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Chevron Statement on Ecuador Court Filings

Yesterday, Chevron Corp. (NYSE: CVX) submitted expert testimony from leading scientists to the Provincial Court of Sucumbíos in Lago Agrio, Ecuador demonstrating that there is no evidentiary basis for the lawsuit against the company.  Chevron also has renewed its motion for dismissal of the case because there is no evidence of liability and because there is overwhelming proof of fraud on the part of the plaintiffs’ lawyers.

In response to a parallel filing by the plaintiffs’ lawyers, the company issued the following statement:

“Numerous Federal Courts in the United States have stated that the trial in Ecuador is marred by fraud and misconduct.  The views of these Courts speak for themselves.  Chevron views the latest filing by the plaintiffs’ lawyers as a continuation of a strategy to commit fraud.”

Key Excerpts from U.S. Courts Follow

Over the last several months, Federal Courts throughout the United States have authorized discovery producing an overwhelming record of misconduct on the part of the Lago Agrio plaintiffs’ lawyers.  The evidence, in the form of film outtakes from the movie Crude, sworn deposition testimony from the plaintiffs’ own consultants, and documents produced through discovery has led United States Federal Judges and Magistrates to declare that the trial in Ecuador has been marred by fraud that goes to the heart of the case:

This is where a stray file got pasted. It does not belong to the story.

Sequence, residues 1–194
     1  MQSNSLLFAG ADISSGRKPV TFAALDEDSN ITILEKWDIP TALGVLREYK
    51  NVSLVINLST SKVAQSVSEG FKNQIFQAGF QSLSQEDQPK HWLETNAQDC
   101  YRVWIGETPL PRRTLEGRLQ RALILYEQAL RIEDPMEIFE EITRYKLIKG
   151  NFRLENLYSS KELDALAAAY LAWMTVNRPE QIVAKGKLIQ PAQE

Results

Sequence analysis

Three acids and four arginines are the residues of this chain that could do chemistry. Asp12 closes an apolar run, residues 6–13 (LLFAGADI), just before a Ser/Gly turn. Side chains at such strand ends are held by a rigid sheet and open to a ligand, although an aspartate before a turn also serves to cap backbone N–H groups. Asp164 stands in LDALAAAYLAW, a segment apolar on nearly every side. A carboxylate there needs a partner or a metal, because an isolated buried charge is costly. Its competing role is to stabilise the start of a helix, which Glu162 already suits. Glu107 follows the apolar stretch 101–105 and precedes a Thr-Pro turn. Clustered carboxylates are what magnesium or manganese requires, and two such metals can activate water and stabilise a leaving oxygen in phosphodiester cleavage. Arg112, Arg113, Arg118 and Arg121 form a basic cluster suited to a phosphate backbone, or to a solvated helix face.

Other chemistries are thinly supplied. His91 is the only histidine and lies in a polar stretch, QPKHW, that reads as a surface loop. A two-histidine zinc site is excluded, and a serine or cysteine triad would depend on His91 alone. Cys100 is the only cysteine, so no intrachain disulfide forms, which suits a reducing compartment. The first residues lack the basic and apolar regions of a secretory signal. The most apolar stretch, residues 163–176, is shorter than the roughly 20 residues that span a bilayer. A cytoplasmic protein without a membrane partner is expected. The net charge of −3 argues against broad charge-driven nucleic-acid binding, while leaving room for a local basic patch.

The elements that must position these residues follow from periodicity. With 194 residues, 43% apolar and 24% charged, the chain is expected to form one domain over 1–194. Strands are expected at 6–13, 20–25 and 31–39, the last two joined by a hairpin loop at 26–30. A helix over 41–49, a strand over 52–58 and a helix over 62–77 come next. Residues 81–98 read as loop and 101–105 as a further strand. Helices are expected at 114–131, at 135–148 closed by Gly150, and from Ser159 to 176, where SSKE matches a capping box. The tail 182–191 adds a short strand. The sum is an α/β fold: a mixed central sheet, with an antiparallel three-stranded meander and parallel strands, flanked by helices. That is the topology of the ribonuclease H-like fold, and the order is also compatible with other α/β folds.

A Magistrate in New Mexico wrote, “The release of many hours of the outtakes has sent shockwaves through the nation’s legal communities, primarily because the footage shows, with unflattering frankness, inappropriate, unethical and perhaps illegal conduct. In the film itself, Attorney Donziger brags of his ex parte contacts with the Ecuadorian judge, confessing that he would never be allowed to do such things in the United States, but, in Ecuador, everyone plays dirty. The outtakes support, in large part, [Chevron’s] contentions of corruption in the judicial process. They show how non-governmental organizations, labor organizations, community groups and others were organized by the Lago Agrio attorneys to place pressure on the new Ecuadorian government to push for a specific outcome in the litigation, and how the Ecuadorian government intervened in ongoing litigation.”